When all else fails, moo. It was only a hunch, or perhaps an instinct. One day as we were trying to get home, a certain irate toddler was screaming bloody murder because she did not care to sit in the car seat. I had tried all the normal distractions – talking, singing, stopping the car to take her for a walk, bribery, threats, cutting her out of the will, etc. At last, in desperation, I uttered a low-pitched moo. My teenage driver shot me a sideways glance and then wisely joined the mooing. Soon the entire car was filled with the sounds of calm, happy cattle. Finally the toddler stopped her high-pitched screams to utter “Mooooooo.”

The most important advice I would give to a new parent is this: Never trust anyone who is selling something. Many of the implements and gadgets touted to make parenting easier just create more parenting jobs. Plastic baby bathtubs are a great example. As a new parent, I thought that little over-the-sink tub was an essential parenting item. I’ve since realized a baby bathtub is just another thing to clean and store. It is much easier to take your baby into the bath with you whenever you wash up. It makes a nice, relaxing activity and there’s no wet baby furniture to clean up afterward.

Remember that baby bottle manufacturers are also selling something. Don’t believe the makers of alien-shaped bottle nipples labeled “more like mom.” No human female has appendages shaped like that. Baby bottles and artificial nipples contain chemicals that should never be ingested by an adult, much less a growing infant. They can also confuse young babies and interfere with their latch. In the rare case that an infant needs something other than breast milk, finger-feeding or spoon-feeding is typically safer than using a bottle.

The maker of baby formula who touts a product as “more like breast milk” is not trustworthy, either. These companies are selling something. When they distribute pamphlets claiming to provide breastfeeding tips, do not be fooled into believing they are actually advertising for their competition. These companies are financially dependent on breastfeeding problems and failures. They sell artificial milk, and they do so despite the knowledge that their product imparts innumerable health risks to your baby. Toss their tips and trust the breastfeeding experts at La Leche League for infant feeding advice.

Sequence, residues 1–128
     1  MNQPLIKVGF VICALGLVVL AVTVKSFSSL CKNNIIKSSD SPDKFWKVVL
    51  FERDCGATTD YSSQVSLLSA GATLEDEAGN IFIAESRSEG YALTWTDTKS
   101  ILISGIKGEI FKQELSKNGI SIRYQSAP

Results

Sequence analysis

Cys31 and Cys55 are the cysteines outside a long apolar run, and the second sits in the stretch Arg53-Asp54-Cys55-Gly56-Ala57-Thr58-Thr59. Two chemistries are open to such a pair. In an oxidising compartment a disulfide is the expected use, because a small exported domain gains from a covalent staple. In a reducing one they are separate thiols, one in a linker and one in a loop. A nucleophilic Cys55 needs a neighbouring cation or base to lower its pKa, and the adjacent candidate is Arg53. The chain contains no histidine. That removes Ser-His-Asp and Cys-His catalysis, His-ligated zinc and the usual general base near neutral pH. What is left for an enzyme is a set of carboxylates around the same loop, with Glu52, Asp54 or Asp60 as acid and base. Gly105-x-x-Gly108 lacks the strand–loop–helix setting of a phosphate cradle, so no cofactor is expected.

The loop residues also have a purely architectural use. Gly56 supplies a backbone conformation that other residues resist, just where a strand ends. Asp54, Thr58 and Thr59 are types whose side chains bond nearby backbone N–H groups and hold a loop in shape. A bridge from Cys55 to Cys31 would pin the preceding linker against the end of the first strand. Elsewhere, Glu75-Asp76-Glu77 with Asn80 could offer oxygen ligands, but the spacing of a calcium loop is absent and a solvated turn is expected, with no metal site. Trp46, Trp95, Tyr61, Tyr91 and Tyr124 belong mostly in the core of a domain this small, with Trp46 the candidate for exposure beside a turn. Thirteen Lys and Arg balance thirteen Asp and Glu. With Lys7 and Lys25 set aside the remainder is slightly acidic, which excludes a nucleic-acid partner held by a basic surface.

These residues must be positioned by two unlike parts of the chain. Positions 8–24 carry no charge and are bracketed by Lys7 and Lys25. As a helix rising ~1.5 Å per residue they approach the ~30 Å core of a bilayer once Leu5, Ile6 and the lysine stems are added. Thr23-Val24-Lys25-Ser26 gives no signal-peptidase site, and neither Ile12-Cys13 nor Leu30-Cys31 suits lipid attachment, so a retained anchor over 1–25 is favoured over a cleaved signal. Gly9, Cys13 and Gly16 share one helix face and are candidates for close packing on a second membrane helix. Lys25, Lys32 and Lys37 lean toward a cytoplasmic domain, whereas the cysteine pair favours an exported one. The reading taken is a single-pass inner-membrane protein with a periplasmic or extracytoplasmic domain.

Of course, some commercial offerings can be a blessing. A simple, one-piece potty chair is helpful for young children. Opt for a model that puts the child in a near squatting position, like the Baby Bjorn. Place the potty in a convenient location, explain its presence, and afterward try not to bring up the subject often. As many veteran moms and dads have discovered, the idea of “training” a toddler to use the potty is frustrating, self-defeating and useless. For most children, “toilet training” is no more logical than setting up language lessons to teach a normal infant how to talk. It makes no more sense than pushing a baby to walk, ready-or-not, simply because he has hit the one-year milestone. With a lot of leeway and very little prodding, most children will work it out before they go to kindergarten.

Indeed, most skills and character traits are learned from modeling, not molding. That’s why parents who smoke have little success warning their children never to start. Children do need boundaries and consequences, but neither can substitute for the time a parent spends simply being a decent, responsible human being in front of the children.

Dr. Gary Smalley says that children spell love T-I-M-E. These days we try to assuage our guilt by focusing on “quality rather than quantity.” It’s great when parents schedule the time to take a child to the park, or go on a parent-child date just to talk about life. However, few children open up on demand. Open, honest communication often happens when we are not expecting or monitoring it. It happens in the car, on the way to the mailbox, or while the pasta is boiling.

Parents have a tough job because our children are always changing. We learn along with them, and what we learn with one child may not work for the next child. I wish I knew how to teach a child to blow her nose. If anyone knows the answer to this one, please send me a hint before the next allergen comes into bloom.

Jeannie Babb Taylor may be contacted at, or you can leave a public comment on her blog at

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Jeannie Babb Taylor

Wednesday, July 2, 2008

Parenting and sex: keeping the magic alive